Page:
Mission Aerospace offers flights of fancy at Berkshire Museum
PITTSFIELD — There's a reason why the word "flight" is part of the well-known idiom "flight of fancy," which means an extreme imaginative pursuit. For the next two months, the Berkshire Museum will help flesh out that quest with the traveling exhibition, "Mission Aerospace."
The show, which opened last weekend and runs through May 13, takes the subject of aeronautics and combines history, science and imagination, says Craig Langlois, the museum's chief experience officer.
"We are working hard to bring the public programs which not only appeal to kids, but also will give accompanying parents and other adults something to enjoy and think about," Langlois said, taking a break after having spent the three-day President's Day weekend directing the strong flow of visitors. "'Mission Aerospace' took a little time to get here, but it was worth the wait."
The idea for bringing the nationally acclaimed show to the Berkshire Museum began about year ago. It is presented by the Feigenbaum Foundation and sponsored by Greylock Federal Credit Union.
The exhibit is one of more than a dozen offered by Seattle-based Minotaur Mazes, a company that creates interactive traveling exhibitions on educational themes of science and sustainability.
Minotaur Maze associate director of sales and marketing Jack Stawick said that fun activities, like launching a paper rocket through the solar system, combined with an appealing maze experience, make "Mission Aerospace" "a blast for families."
"The topic of space exploration has never been more relevant than it is today, and this exhibit is an exciting way to learn more about space and flight," Stawick said.
Museum communication director Lesley Beck agreed with Stawick.
"The exhibition fills three large galleries on our second floor, about 3,700 square feet in all," Beck said while standing at the start point of Mission Aerospace. "[It] takes the form of a maze in the first two galleries, with vivid green, white, and blue vinyl and mesh rectangles forming the walls stretched over a framework of pipes. The third gallery holds some of the larger interactive stations."
In following Beck through the maze, one can see how someone with even the remotest interest in flight can be drawn in. At the entrance is a large wheel divided into 16 categories of aircraft from different eras, each with a challenge question, in much the way one would solve a puzzle or a mystery.
That's where it all starts, Beck said,
"Visitors spin the wheel to find their challenge question, and enter the maze to find the answer," Beck said. "[They] search for the panel that describes the particular aircraft with information that answers the challenge question as well as other fascinating details."
There are a number of featured aircraft histories from throughout the history of flight. Along the way, several interactive stations describe some of the scientific concepts integral to flight.
One such example is a stop which explains the way GPS works, showing a panel with a map of the world layered with an attached system of cables, and illustrates the way satellite signals combine to measure distance.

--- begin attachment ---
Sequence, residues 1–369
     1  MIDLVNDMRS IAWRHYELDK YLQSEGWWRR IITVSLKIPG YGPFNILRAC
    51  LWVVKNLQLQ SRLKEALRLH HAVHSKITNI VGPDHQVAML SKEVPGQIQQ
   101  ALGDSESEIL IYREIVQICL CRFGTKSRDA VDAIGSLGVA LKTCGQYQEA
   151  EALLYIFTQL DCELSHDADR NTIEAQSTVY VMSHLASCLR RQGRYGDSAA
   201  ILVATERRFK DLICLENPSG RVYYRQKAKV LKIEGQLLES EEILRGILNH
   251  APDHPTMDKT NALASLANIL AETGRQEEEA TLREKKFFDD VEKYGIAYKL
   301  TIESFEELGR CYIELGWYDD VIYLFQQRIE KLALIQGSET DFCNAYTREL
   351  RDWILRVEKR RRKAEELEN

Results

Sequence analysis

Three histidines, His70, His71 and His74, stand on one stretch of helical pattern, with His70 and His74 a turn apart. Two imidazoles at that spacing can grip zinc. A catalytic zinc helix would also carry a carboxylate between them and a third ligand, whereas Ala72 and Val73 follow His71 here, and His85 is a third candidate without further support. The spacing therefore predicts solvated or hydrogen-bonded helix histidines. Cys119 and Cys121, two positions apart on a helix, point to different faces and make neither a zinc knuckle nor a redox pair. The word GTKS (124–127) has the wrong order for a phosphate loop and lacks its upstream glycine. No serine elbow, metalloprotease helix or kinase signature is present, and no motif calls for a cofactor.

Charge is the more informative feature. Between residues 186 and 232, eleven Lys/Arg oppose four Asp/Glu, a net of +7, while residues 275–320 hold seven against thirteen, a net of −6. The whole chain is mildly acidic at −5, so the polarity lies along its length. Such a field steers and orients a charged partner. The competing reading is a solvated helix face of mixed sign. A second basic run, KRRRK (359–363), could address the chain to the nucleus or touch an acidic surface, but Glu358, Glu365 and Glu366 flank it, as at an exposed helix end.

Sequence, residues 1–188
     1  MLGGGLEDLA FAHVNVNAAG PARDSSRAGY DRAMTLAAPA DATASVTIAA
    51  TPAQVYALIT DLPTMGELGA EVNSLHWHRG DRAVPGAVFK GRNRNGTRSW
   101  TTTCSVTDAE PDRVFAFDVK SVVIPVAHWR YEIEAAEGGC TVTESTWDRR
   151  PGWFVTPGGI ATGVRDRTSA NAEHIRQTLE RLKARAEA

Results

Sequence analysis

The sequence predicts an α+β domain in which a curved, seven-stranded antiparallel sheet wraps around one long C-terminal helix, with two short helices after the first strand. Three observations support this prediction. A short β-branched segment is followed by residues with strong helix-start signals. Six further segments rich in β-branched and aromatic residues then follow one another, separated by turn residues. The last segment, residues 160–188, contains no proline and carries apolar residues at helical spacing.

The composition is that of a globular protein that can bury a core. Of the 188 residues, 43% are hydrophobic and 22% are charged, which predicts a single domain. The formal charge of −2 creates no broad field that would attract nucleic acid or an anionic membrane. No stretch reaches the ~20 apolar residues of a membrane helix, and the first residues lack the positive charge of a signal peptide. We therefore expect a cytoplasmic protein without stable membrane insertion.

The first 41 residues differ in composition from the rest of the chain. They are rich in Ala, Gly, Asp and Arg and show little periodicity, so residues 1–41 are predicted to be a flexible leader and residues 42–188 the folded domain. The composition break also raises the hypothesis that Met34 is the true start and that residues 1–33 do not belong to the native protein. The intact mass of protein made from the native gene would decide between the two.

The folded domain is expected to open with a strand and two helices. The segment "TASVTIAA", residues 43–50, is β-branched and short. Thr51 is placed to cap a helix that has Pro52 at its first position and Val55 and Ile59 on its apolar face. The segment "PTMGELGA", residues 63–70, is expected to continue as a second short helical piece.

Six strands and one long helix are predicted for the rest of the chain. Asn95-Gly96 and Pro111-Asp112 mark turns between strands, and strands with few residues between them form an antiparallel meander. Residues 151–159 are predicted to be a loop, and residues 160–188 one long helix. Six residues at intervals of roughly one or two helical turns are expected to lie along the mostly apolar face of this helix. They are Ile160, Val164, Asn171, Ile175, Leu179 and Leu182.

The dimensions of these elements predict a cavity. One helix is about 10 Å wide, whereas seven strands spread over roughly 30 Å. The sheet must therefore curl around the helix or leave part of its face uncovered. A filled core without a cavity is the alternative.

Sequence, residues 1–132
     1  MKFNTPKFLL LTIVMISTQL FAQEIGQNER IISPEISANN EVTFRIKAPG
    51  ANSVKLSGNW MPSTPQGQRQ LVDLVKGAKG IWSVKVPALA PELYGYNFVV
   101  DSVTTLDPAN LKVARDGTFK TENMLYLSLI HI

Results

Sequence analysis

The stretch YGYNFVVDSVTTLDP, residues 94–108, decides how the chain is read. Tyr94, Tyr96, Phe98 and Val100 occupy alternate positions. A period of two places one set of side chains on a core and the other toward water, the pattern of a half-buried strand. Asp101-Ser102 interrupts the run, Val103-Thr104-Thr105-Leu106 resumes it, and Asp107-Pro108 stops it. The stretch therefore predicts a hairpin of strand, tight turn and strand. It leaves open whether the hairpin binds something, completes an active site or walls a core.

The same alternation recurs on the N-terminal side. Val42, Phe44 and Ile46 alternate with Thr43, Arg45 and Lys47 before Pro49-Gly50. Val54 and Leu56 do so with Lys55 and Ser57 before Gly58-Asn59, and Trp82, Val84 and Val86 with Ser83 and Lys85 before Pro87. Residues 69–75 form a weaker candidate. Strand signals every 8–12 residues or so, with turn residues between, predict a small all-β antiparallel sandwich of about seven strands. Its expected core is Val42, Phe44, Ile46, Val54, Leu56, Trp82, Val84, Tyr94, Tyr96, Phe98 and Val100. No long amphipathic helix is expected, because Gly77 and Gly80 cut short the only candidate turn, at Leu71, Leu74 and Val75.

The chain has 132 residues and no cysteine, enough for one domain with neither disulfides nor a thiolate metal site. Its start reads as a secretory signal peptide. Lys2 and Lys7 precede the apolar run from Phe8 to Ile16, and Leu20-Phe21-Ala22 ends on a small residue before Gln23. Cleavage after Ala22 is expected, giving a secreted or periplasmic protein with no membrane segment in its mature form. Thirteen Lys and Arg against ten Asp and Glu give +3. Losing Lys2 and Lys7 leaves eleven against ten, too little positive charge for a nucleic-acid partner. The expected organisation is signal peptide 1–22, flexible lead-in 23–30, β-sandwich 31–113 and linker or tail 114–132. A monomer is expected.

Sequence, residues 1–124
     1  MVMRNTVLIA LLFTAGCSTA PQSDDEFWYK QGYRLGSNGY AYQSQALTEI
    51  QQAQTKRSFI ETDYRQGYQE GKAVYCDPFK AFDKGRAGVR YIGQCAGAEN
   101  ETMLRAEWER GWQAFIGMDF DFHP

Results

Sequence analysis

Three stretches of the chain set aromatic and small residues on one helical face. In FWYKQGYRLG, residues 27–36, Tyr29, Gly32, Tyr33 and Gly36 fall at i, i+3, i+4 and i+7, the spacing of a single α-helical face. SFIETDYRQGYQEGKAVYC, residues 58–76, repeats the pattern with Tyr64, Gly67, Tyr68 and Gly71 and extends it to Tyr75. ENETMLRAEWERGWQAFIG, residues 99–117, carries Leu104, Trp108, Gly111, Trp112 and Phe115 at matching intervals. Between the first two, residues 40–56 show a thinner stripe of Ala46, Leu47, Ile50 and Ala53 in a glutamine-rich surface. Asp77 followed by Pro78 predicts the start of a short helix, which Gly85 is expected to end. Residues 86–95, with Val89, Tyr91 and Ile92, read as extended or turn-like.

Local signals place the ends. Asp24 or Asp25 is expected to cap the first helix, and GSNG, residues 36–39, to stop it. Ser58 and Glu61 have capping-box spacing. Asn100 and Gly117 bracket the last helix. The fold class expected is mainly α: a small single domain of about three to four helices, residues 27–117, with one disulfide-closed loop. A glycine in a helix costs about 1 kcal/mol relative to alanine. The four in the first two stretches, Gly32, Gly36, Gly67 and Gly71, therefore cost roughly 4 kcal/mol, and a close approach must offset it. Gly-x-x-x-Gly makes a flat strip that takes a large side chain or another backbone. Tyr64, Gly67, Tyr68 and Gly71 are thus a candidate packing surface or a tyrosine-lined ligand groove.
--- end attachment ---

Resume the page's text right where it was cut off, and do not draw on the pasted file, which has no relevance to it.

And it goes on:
Another station offers an explanation of the fixed plotter, a navigational tool essential for planning a flight. Equipped with maps and several plotter tools, visitors can try using the tools themselves.
A third station offers an assortment of gyroscopes to try, along with explanations of how the gyroscope plays a role in flight navigation.
Beck walked by flip-top panels offering facts about NASA and flight, as well as those with illustrations of NASA pilots and astronauts with mirrors in the helmets, allowing kids to picture themselves as future pilots.
"And for a fun photo op, there's a small space capsule model that children can sit in to have their picture taken," she said.
Langlois says that one of his favorite parts of the exhibit is a spot in the third gallery that offers visitors the chance to make their own flight vessels.
Along with countless interactive variations of designing, building and testing rockets, Langlois points to a station he claimed was "a personal favorite," one with every material imaginable needed to make paper airplanes, including challenge cards with options for different folding options.
The launch zone for the paper planes allows visitors to fly their planes to graphic cutouts of international destinations from Seattle to Paris.
"Research has shown that one of the greatest human desires and dreams is the ability to fly, say, like a bird, or like any one of countless superheroes," Langlois said. "Given this, I think it's very easy to see why Mission Aerospace has been a popular attraction anywhere it has traveled. It not only addresses this dream and imagination in children, but also reminds adults of that time in their childhood when such notions were bigger than life itself."
Langlois hopes that while Mission Aerospace is in the Berkshires, families will find a spark that comes from the world of aeronautics.
"I want them to have that sense of creativity and innovation," Langlois said. "People who come to this exhibit will be inspired to know more about how our universe functions. They'll grasp that sense of curiosity, and thirst for knowledge that make us human."
Telly Halkias can be reached at firstname.lastname@example.org or at @TellyHalkias on Twitter.
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